IJM’s office in Kenya focuses on addressing a national crisis of police abuse of power. Historically, it has been commonplace for police officers to abuse, exploit, extort and even kill vulnerable people. There was no accountability for an officer who decided to abuse their power.

The murder of Willie, Joseph and Josephat highlighted the true depth and severity of police abuse of power across the country. If police officers could brazenly kidnap, torture and murder three well-protected people who were part of a global organization, it meant vulnerable people across the country had little hope for protection.

Creating sustainable protection for vulnerable children, women and men is why we do this work at IJM. It’s why Willie was defending Josephat, and in the wake of this crisis, it’s why we decided to double down on fighting police abuse of power in Kenya until the work is done.

Hope


Today, July 22, the five people accused of killing Willie, Josephat and Joseph have been tried in court. Nearly six years later, we finally have a verdict. Three police officers and one civilian were convicted of the murder of our friends. This is a momentous decision that will send a strong message to police officers who abuse their powers that they will be held accountable. IJM’s focus is on strengthening justice systems to enforce the law which deters criminals and protects people from violence. We are happy that this conviction is a big step to achieving police accountability in Kenya.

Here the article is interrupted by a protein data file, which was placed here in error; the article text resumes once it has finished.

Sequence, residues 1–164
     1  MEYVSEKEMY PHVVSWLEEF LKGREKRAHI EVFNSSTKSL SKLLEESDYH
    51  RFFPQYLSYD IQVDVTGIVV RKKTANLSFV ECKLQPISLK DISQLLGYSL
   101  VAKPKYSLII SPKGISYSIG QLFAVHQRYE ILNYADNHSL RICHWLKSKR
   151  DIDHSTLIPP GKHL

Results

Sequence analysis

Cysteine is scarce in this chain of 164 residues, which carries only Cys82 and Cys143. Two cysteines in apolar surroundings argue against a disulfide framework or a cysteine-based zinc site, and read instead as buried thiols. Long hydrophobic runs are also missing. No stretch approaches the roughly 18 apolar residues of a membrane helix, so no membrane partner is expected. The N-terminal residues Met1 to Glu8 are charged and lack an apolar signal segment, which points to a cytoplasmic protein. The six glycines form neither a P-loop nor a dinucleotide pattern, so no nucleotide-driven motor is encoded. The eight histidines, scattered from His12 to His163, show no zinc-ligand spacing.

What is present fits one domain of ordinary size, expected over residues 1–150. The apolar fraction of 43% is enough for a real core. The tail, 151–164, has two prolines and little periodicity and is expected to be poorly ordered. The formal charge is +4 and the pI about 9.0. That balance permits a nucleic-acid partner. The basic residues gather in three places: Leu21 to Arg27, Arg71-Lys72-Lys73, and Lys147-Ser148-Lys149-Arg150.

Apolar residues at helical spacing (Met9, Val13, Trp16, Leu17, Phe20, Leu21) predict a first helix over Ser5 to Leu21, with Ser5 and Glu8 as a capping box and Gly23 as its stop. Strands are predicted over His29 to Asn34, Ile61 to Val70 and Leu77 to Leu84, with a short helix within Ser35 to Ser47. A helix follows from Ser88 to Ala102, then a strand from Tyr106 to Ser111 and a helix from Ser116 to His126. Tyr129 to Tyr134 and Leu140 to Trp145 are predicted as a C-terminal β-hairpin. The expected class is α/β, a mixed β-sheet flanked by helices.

We are thankful that Willie, Josephat and Joseph have received justice. Their story triggered a national outcry, spotlighted police abuse of power and caused a massive shift across the country towards police accountability.

As the IJM team in Kenya collaborated with the government to drive the prosecution of the murderers forward, local organizations rose up and demanded change. Since then, this tangible action has brought about real, measurable progress including:

  • Communities working together to uncover dozens more cases of extrajudicial killings
  • Class action lawsuits being filed
  • The president of Kenya announcing policing reforms resulting in dozens of police officers have been tried and convicted for their crimes

Many of us are filled with relief and gratitude after years of fighting for justice. And we also experience again the devastating grief from those days and the loss of Willie, Josephat and Joseph. Today, grief and gratitude sit side-by-side at the table.

But there is also hope. Willie, Josephat and Joseph are national heroes in Kenya. Their names represent thousands of people whose stories have never been told. And one day soon, as systemic change takes root in Kenya, their names will represent generations of children, women and men who will never experience violence because they are protected by their local justice system.


Melissa Russell
Regional President, IJM North America


Melissa Russell serves as IJM's Regional President of North America, leading the strategy and teams responsible for IJM's constituent, government and corporate partnerships in the United States and Canada.